Nicosia, Cyprus – Cypriots streamed into banks on Thursday morning for the first time in two weeks, to find out whether their deposits had been reduced and to transact long overdue business. Many came away with their business incomplete and their questions unanswered.
“I came to pay 37,000 euros’ ($47,400) worth of invoices,” said Angelos outside Laiki Bank on Ethnarhou Makariou, a busy commercial high street in downtown Nicosia. The 77-year-old, who didn’t want his last name published, was running an errand for his children, now inheritors of a frozen food importer he set up. “We normally have two months’ worth of credit from our German suppliers. At the moment we don’t know if we will continue to enjoy that, so we’re just paying up and hoping for the best.”
But strict controls on capital movements enacted by the finance ministry on Thursday mean that Angelos cannot remit overseas any amount above 5,000 euros ($6,410) without special permission from the Cypriot central bank. All he was able to do was to leave money orders with Laiki Bank and hope for an answer in the days to come.
Neoklis, 31 and his brother Konstantinos, 37, have an even more serious problem. They have 350,000 euros ($449,000) in deposits with the troubled bank, 250,000 ($320,600) of which is not covered by a Europe-wide banker’s guarantee. That makes much of their savings vulnerable to a levy on all uninsured deposits at Laiki and the Bank of Cyprus, the country’s two biggest lenders.
Loss of trust
The two banks, crippled by toxic Greek bonds last year, have been cut off from markets. They have survived solely due to an emergency cashflow from the European Central Bank. “We’ve tried to move our money out of Laiki two months ago, but the bank wouldn’t let us,” says Konstantinos. “The excuse the bank gave is that Laiki is now state-owned and the situation has been normalised.”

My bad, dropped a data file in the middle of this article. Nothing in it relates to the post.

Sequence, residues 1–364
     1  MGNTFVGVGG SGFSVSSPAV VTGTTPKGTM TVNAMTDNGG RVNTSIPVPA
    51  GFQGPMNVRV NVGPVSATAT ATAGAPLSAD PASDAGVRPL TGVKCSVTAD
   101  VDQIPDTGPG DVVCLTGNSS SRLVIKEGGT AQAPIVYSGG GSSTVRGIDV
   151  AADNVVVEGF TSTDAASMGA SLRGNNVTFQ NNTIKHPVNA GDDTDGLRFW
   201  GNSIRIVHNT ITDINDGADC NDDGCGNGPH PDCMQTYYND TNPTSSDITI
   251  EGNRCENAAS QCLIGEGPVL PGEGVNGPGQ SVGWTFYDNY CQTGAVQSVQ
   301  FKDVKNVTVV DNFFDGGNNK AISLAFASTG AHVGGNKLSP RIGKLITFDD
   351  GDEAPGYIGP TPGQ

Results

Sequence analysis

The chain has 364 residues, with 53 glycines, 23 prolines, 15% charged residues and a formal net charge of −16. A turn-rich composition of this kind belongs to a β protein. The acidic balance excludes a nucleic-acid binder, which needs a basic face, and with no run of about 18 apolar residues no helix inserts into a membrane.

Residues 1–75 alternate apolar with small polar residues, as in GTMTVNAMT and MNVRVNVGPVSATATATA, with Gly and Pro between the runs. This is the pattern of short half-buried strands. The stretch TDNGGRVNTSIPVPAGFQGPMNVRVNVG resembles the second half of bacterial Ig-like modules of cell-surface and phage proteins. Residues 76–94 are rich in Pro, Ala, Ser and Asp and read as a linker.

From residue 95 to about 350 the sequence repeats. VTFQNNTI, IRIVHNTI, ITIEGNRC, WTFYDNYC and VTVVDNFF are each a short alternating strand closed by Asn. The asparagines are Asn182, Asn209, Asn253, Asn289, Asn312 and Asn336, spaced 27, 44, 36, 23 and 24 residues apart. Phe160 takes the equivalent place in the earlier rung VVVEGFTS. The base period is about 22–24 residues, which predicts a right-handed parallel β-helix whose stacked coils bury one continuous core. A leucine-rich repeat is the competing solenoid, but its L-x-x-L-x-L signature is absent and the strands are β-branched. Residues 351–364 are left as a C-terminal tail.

The situation was far from normal. The government had been in talks with its eurozone partners since last year for a bailout loan for both the indebted government and the banking system.
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On March 16, the eurozone told Cyprus that while it would extend the government a 10bn euro ($12.8bn) loan to help shore up publicly guaranteed pension funds and balance its budget, the banks would have to rescue themselves. Lacking any ability to borrow, the banks’ only choice was to pick their customers’ pockets or go bust. How much they will take from accounts with more than 100,000 euros ($128,000) remains to be announced.
“We’ve lost our trust in the Cypriot banking system, we’ve lost our faith in our politicians,” says Konstantinos.
“We will figure out how to manage our wealth in the best possible way for our children,” rejoins Neoklis, adding that moving some money overseas is not out of the question.
They do have one hope of avoiding a levy. Bankers have told Al Jazeera that they will only penalise depositors once all their liabilities have been offset against their assets.
The brothers have taken out a 300,000-euro ($384,200) loan that puts their net worth below the levy threshold. “We came to find out whether our deposits and our loans will cancel each other out,” said Konstantinos. The bank couldn’t tell them, though, perhaps because it hasn’t finished crunching the numbers for more than 300,000 clients. “No one could tell us when we’ll know,” Konstantinos said.
Cyprus is reeling from the experience of the last two weeks. This island nation had become prosperous as an offshore business centre, offering corporate legal, consultancy and banking services. That has given local businesses a boon of easy credit and a low corporate tax of 10 percent. The eurozone’s first capital controls, though in theory a temporary regime, come as an enormous shock.